The BMW G 310 GS is an adventure motorcycle and the smallest and the most affordable one from BMW but it does pack a punch and comes across as a motorcycle which is keen on taking on the unknown. It might be the ‘baby’ GS but does it have a heart large enough as its elder and rather illustrious sibling, the R 1200 GS or the R 1250 GS (now that the R 1250 replaces the R 1200). We spent a good day riding the BMW G 310 GS on tarmac and off-road as well and here’s what we think about it.
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Baby GS, or is it?
Well, as far as looks are concerned, it definitely is a baby GS! Tall stance, muscular tank, typical beak-like protrusion of the front mudguard and those bold GS lettering on the fuel tank give the bike good road presence. The front end in particular, looks good with that angular headlamp and the 19-inch Metzeler Tourance dual-purpose tyre and the 41 mm gold upside down forks. So, it definitely looks the part of a typical ADV. The quality is undeniably good and fit and finish too is something that you would expect on a BMW.
Also Read: BMW G 310 R Review
What all does it get?
The BMW G 310 GS is not exactly a feature rich motorcycle. It gets a fully digital LCD screen and the switchgear is backlit too. The front wheel gets a 300 mm disc while the rear wheel gets a 240 mm disc and there is dual-channel ABS on offer as well. For those who like to go touring, there is a nice luggage rack at the rear which is big enough to accommodate a decent sized tail bag.
BMW has provided a small button on the left switchgear which lets you dis-engage the ABS on the rear wheel when required, quite thoughtfully! What it does miss out on is LED daytime running lamps or LED headlamp and a colour TFT screen.
How does it ride on the road?
Pretty good actually! The motorcycle has plenty of torque in the mid-range and a good top end too. The performance is complemented by a supple ride quality which disregards all undulations on the road with casual indifference. The G 310 GS has a claimed top speed of 143 kmph and while it wouldn’t like to sit at those speeds long, it will happily cruise at 100-120 kmph all day long without missing a beat. The six-speed gearbox is not exactly butter smooth but it works well. Speaking of gearing, pulling through at low speeds and lower gears isn’t quite the motorcycle’s forte. The torque in the low-end is lacking and we did end up stalling the bike a couple times when starting from standstill. You have to constantly work the gears and that might not offer a good riding experience in peak traffic.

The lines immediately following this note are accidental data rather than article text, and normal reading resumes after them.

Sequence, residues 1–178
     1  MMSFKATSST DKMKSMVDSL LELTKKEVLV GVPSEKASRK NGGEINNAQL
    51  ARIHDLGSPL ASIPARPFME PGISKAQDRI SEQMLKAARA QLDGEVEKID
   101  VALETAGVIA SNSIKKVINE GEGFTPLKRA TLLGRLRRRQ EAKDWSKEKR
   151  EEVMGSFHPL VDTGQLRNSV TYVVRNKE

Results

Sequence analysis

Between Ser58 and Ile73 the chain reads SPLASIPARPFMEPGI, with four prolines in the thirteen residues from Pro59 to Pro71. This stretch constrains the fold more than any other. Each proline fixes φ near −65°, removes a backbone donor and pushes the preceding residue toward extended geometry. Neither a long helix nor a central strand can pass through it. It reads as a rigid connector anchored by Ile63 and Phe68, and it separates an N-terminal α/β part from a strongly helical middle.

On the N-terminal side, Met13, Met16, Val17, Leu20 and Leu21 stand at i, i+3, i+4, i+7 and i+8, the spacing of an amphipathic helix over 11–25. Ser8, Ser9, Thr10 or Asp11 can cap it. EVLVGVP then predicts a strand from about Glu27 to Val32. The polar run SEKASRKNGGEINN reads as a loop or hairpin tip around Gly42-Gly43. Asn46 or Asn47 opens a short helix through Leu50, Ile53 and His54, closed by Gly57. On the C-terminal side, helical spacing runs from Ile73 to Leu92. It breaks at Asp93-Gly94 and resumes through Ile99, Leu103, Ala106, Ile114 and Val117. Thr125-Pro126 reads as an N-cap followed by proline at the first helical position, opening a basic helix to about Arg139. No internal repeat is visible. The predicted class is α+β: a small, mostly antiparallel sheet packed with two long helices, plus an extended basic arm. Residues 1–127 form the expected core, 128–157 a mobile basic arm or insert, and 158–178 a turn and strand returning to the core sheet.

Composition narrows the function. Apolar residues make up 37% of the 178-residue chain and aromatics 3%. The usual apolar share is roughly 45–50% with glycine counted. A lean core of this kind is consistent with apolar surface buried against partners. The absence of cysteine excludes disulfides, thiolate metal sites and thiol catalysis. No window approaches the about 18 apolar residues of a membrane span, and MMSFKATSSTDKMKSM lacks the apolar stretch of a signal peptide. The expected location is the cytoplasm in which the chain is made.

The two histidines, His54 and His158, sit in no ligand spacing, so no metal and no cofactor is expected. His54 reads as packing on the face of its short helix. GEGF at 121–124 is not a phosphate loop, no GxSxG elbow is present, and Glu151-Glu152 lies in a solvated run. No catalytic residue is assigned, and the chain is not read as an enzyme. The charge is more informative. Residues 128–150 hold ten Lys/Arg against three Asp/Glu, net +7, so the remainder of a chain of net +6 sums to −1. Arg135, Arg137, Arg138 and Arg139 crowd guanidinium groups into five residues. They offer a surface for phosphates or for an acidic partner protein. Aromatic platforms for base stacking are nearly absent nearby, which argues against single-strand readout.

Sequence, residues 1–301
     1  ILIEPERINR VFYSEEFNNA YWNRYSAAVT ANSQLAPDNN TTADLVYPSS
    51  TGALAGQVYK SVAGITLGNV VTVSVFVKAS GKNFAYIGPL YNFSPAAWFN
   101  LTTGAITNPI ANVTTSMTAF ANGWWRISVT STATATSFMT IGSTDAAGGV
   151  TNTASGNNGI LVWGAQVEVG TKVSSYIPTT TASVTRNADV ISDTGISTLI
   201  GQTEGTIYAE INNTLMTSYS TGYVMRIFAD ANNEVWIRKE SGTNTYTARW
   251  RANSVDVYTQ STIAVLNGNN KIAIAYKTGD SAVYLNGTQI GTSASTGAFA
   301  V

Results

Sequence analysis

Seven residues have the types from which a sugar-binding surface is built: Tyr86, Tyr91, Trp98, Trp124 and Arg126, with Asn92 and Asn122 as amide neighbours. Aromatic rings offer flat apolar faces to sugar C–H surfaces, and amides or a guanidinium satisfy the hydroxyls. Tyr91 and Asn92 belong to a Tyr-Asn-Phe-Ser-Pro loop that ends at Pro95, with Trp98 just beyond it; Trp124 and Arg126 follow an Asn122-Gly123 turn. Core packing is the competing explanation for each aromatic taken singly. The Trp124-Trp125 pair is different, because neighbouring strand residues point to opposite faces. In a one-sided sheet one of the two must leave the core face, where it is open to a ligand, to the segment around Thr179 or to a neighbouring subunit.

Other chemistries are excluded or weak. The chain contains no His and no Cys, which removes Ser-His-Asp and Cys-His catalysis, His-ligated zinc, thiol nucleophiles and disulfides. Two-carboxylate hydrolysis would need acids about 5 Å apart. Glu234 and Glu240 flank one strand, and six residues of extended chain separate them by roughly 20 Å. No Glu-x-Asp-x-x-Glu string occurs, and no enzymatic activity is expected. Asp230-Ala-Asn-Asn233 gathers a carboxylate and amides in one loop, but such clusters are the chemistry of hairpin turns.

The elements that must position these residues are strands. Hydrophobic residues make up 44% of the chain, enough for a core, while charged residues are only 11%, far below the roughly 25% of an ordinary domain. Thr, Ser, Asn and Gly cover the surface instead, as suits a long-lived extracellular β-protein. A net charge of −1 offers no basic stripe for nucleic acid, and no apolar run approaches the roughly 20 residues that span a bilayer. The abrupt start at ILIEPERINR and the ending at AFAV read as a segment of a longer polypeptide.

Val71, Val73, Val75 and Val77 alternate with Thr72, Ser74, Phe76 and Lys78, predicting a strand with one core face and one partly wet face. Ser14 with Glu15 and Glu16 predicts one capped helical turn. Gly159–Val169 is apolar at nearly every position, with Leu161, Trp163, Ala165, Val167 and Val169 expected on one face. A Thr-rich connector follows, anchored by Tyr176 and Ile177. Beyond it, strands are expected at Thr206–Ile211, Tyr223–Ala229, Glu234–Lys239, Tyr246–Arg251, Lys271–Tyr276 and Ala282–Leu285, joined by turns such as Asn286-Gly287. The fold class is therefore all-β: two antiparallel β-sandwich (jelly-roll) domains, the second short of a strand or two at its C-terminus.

As far as handling is concerned, the G 310 GS is nimble on its feet and is up for quick direction changes. It is no corner carver, but show it a set of twisties and it will not shy away from them. The grip from the Metzeler Tourance tyres is decent too. The handlebar-seat geometry is designed for comfort. Swinging your leg over the seat might take a bit of an effort as the seat height is 835 mm, which could feel a little intimidating for the average Indian male or female. The seat itself feels slightly cramped but is soft enough for long rides (I like to keep my bottom on soft seats, some like it hard though). Overall, the BMW G 310 GS makes a lot of sense if you want to spend most of your time on-road.
What about off-road performance?
Unlike the R 1200 GS, the G 310 GS is not what you would call an out-and-out off-road motorcycle. Sure, the motorcycle can take on mild trails but anything more than that will be risking it. The alloy wheels will definitely not be able to take the kind of beating that wire-spoke wheels can and the plastic bashplate under the engine too is not meant to take big blows. The other thing that goes against it is the low-set handlebar. If you are sitting and riding, the handlebar position is fine, but if you are standing up, it is definitely not comfortable. One has to crouch a little too low for comfort and shifting gears when standing up takes getting used to. Grab the fuel tank with your knees and you will find that the slick material doesn’t offer much support. Plus, there is a fair bit of dive up front should you grab a fistful of brakes! On gravel and dirt, the front end might feel a little twitchy and may not offer enough confidence. The Metzeler Tourance tyres offer decent enough grip on off-road patches and in case you really need to powerslide your way out, you will need to wring the throttle really hard.
(At ₹ 3.49 lakh ex-showroom, it is an expensive proposition. But then you get to own a BMW GS motorcycle)
The BMW G 310 GS offers good performance on the road, be it smooth or broken. It is also game for mild off-roading and light trail-riding but anything more extreme, you might want to look at other options and at ₹ 3.49 lakh (ex-showroom, Delhi) it doesn’t quite fall in the realm of affordable.
If you are looking for something more rugged and industrial, you could check out the Royal Enfield Himalayan which is almost half the price of the G 310 GS. On the other hand is the Kawasaki Versys X-300, which is expensive by more than a lakh of rupees. Like most BMW models, the G 310 GS too is an aspirational product. But if you do end up having the G 310 GS in your garage, you get the bragging rights of owning a Beemer, which is a pretty cool thing in itself.
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